in the need to vent it in no uncertain terms. However, if that is
the only way that you ever communicate with your teen then you can only
expect constant friction.
Although, those moments are going
to happen in the best of teen-parent relationships, there needs to be more
times when the two of you simply chat.
However, there are three rules of
thumb concerning this....
Take time to do things with your teens. We have heard much about
spending "quality time" with our children. However, that phrase carries
with it the idea of limited interaction. No matter how nice the times
are that you share together, there needs to be plenty of them. Should
that be the case, then looking at old photo albums or working on the car
together becomes special by virtue of the fact that they are normal, relaxed,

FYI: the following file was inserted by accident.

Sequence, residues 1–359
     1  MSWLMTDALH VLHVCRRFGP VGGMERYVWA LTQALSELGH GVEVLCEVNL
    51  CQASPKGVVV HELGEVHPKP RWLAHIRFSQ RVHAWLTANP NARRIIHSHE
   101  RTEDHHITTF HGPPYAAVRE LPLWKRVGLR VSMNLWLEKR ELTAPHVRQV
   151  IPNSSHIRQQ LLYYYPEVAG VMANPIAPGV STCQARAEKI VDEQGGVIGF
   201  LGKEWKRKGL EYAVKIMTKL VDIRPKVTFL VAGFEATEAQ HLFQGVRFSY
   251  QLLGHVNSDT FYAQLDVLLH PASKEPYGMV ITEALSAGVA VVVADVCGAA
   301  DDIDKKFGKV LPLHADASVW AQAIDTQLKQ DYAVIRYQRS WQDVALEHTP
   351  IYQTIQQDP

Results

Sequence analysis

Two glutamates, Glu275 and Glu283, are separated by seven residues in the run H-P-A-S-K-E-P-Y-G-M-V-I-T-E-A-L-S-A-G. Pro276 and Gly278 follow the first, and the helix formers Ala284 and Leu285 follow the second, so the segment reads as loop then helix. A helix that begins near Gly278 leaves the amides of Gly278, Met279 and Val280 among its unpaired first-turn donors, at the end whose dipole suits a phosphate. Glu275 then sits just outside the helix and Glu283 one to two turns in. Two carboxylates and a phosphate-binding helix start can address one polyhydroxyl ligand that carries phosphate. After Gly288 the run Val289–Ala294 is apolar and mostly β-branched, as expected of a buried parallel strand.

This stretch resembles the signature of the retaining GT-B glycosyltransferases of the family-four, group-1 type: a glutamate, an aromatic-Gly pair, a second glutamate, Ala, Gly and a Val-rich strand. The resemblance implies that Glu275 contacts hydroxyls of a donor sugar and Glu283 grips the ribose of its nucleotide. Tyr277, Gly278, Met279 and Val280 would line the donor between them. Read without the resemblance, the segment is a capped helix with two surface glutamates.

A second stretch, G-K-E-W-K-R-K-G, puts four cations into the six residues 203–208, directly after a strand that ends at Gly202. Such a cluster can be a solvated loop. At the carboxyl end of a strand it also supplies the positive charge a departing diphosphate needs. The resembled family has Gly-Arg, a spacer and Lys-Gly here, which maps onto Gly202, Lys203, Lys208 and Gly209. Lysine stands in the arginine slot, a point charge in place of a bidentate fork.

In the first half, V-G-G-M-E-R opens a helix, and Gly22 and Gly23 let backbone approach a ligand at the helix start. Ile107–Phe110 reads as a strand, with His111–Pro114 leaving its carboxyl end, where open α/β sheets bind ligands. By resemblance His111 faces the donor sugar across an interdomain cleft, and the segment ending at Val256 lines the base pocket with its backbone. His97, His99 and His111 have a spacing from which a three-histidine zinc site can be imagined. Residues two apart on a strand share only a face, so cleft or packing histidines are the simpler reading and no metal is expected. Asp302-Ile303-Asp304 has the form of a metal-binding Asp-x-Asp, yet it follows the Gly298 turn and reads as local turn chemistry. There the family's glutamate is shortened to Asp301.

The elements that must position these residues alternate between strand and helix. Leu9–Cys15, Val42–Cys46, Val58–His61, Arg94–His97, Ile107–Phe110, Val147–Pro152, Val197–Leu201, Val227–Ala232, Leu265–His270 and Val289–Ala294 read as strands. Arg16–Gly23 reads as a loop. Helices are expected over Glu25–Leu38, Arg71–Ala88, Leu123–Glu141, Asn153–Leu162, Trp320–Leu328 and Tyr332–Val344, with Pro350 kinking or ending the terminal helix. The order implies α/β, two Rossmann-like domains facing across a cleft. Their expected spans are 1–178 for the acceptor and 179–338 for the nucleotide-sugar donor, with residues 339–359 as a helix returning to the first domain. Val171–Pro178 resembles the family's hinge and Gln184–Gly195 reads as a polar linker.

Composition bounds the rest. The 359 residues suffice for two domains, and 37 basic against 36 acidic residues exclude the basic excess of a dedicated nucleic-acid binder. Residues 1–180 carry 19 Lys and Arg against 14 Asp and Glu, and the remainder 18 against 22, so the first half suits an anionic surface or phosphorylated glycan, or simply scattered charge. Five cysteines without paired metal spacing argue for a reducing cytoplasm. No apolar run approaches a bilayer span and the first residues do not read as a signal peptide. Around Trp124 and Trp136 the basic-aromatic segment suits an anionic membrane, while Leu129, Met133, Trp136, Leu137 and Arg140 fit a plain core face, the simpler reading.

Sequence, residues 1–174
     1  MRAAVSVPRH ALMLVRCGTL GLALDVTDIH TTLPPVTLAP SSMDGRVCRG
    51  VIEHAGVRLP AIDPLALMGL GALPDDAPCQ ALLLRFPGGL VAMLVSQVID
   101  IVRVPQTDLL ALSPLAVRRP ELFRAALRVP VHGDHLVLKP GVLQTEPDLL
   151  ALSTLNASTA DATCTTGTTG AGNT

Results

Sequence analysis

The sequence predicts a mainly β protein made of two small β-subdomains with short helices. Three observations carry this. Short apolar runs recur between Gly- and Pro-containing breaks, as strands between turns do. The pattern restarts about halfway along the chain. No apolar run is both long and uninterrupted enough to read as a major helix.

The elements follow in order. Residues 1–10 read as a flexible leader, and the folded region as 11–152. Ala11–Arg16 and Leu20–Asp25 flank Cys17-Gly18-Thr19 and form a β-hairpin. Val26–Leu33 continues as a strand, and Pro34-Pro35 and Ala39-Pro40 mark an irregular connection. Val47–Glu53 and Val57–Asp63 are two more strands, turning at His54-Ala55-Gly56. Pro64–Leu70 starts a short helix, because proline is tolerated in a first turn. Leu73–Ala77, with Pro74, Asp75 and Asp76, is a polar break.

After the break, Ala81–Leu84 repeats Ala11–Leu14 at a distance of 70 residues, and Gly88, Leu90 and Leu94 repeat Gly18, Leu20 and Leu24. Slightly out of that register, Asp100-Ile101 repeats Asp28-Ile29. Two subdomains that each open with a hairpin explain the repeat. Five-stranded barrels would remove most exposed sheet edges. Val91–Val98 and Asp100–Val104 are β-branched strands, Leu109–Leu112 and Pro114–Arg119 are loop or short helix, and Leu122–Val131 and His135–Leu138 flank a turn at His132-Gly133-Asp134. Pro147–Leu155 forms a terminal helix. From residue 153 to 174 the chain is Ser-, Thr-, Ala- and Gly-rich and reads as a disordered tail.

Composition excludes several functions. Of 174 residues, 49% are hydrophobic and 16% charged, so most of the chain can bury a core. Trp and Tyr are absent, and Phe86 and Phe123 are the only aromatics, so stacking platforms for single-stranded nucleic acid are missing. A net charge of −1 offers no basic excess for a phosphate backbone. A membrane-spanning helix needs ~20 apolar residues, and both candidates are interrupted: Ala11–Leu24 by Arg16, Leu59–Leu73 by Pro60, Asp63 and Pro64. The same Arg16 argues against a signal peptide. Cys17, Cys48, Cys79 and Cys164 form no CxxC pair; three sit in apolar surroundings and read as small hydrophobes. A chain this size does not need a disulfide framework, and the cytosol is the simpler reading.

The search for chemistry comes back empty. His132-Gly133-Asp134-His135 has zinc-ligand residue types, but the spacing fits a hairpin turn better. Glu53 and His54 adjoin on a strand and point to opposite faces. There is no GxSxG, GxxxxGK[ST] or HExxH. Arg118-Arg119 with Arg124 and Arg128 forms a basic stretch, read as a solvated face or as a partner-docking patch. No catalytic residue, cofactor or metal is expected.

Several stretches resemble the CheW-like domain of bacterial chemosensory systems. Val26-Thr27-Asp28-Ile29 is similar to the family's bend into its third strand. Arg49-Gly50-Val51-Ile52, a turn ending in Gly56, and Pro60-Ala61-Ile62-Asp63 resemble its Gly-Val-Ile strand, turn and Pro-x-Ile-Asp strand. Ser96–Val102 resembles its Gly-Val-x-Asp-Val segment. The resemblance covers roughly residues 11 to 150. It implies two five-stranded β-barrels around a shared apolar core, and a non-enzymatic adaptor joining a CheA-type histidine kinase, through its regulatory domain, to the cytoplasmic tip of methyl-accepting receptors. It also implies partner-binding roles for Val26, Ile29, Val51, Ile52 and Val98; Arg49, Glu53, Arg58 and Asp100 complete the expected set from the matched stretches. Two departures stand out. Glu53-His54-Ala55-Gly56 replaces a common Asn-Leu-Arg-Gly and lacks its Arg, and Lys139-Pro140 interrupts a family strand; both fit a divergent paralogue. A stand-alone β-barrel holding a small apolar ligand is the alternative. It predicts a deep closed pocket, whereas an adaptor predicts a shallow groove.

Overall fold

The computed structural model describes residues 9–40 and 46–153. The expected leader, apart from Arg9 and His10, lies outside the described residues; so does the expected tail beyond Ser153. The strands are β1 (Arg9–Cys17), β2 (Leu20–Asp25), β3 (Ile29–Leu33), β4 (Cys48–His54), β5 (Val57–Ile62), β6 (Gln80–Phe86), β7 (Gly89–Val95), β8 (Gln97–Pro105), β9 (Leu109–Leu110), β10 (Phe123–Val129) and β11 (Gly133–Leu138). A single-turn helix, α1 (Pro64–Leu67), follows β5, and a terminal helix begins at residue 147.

and everyday kinds of things that you simply "do" together.
Timing: It has to be a few moments when it
is natural and not forced. Wait for those nice times when both of
you don't have something else that needs to be done or some place to go.
Topic: Parents feel that they are the ones
who have to choose what is to be talked about. Avoid this.
Instead, encourage your teen to talk to you about anyting.
Tone: Avoid any argumentation or even stress
in your voice, no matter what your teen says. Young people love to
shock their parents. Be unshockable. Instead, always respond
and never react. Reply in a calm voice. Otherwise, be a mature
adult parent who gains and keeps the respect of your teenager.
Cool Discipline: The